4

I started working with my present organization 3 months ago. It's a very rural, conservative company. I'm in my late 20s and a foreigner of color and the company doesn't exactly have diversity.

My boss hired me due to my educational qualification and I am here to help him on projects and things that the rest of my teammates don't work on, on a day to day basis. I was also hired to train on certain specific things that a co-worker, (let's call her Carla) does. I am her back up as she's approaching retirement (which she dreads.)

Carla has been with the company for 18 years. She knows a lot about the company, the way things work here, and everybody naturally reaches out to her because that's what they are used to, also they might think she's more approachable due to the fact that she's a local. She's mostly pleasant and helpful to the others.

I work hard to do my job and have received positive feedback about my work from my boss, and others. But Carla feels otherwise. She constantly sees the need to micromanage all my activities (especially because she gets copied on all the emails) and is rude to me at times. When asked for training on what she does, she puts it off by saying "I'll help you later, I'm busy" She either feels like I'm threatening her job, or she feels like my work ethic isn't acceptable (due to age or ethnicity)

My boss doesn't know of all this and I'm unsure how to approach my boss. I got laid off from my previous job and it has left me a little under confident and scared. Should I tell him at all or just grin and bear it? I am obviously more disposable than Carla is, to my boss.

  • 1
    This question isn't about her long service, but about how she is micromanaging you. If she isn't your manager and you aren't assigned to support her, you can say "thanks" and mostly ignore her, ordirecther to your manager. If she is in your management chain, or is otherwise supervising you, see past answers about micromanagement. – keshlam Dec 15 '16 at 16:33
  • 1
    How close is Carla to retirement - a year, two years, six months? If it's two weeks, I'd tell you to grin it and bear it but you already know that :) Is it painful to work with her every day or do you feel that pain once in a while? – Vietnhi Phuvan Dec 15 '16 at 17:46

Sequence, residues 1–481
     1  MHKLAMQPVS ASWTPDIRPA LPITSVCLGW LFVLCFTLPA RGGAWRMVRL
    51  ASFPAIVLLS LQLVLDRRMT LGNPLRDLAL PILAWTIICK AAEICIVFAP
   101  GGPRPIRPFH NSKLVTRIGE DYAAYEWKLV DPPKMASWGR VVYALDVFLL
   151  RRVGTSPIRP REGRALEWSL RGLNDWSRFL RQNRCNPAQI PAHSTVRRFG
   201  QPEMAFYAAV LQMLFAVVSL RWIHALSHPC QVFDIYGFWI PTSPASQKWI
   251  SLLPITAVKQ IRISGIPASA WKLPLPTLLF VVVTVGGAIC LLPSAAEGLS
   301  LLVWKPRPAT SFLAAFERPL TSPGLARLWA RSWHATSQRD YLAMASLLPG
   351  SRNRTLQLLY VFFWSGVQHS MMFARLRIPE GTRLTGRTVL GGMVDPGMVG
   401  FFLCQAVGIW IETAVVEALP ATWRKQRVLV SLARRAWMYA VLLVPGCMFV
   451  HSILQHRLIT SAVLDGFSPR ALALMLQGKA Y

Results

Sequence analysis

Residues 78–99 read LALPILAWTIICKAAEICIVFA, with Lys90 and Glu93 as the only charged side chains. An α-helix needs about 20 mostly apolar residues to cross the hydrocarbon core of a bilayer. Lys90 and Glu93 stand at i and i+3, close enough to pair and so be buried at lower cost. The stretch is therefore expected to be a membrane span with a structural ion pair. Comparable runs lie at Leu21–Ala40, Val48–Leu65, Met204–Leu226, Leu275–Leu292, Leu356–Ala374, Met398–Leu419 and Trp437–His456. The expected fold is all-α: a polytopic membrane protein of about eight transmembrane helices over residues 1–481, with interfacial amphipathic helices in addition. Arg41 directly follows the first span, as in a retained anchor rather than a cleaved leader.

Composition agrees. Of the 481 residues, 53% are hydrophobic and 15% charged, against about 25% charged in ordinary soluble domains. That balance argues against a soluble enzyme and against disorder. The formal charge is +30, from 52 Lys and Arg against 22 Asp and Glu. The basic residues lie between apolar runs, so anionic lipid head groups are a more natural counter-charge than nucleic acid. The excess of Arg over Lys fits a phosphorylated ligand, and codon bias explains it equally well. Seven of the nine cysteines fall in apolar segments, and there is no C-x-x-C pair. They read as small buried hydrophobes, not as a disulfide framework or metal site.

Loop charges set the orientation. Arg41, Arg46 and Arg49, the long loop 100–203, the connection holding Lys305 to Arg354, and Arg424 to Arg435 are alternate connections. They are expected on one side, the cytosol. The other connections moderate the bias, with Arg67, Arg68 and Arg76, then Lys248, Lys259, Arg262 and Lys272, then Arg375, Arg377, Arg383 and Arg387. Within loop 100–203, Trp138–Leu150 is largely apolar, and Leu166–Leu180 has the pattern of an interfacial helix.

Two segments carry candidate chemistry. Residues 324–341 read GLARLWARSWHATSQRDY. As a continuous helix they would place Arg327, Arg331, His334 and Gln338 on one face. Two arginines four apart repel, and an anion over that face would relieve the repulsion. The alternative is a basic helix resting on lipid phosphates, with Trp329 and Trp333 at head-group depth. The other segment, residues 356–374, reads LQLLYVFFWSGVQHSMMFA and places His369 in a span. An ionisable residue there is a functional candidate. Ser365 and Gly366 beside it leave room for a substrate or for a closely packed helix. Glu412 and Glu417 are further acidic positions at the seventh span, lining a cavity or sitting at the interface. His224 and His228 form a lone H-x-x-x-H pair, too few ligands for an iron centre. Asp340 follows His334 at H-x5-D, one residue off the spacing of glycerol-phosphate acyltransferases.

9

My boss doesn't know of all this

That's a mistake.

This is something your boss needs to know, and something your boss most likely would want to know.

If you don't have regular one-on-one meetings, ask for some private time. Talk about what is going on, and what you should be doing about it.

You were hired partly to learn from this colleague, but your work is being blocked. Tell your boss so you can accomplish the tasks you were hired to do.

4

Without explicit proof of malice, you should always assume positive intent. It makes stress easier to bear. Consider things from Carla's side: She is a high ranking employee, about to retire, and she probably has a lot to do in wrap up. She is unpleasant, but it could be because she has a lot on her mind and not have to do with you. Set up your training sessions in advance so that they are never a variable in her or your schedule. I agree with the poster who said to include your boss as an optional attendee.

As for the micromanaging: I've never had a good boss or a successful student who wasn't a micromanager. Carla's success is probably due in part to being so fastidious. While it is very annoying, it is a habit that some successful people have and there may not be ill will in it.

4

I would suggest that you set up knowledge sharing meetings, and include your boss as an optional attendee. This way if she keeps blowing you off, they will see it too, without you actually having to say anything. This way you don't appear to be "trying to get her in trouble".

People who have been with the company a long time typically have a few powerful friends. I would tread cautiously here as if she says she cannot work with you, you could be in trouble. She may just be a bit nervous due to the fact that she is retiring soon, and may not mean you any ill will -- but better to be cautious.

Another point I would make is document, document, document.

Your Answer

By clicking “Post Your Answer”, you agree to our terms of service, privacy policy and cookie policy

Not the answer you're looking for? Browse other questions tagged or ask your own question.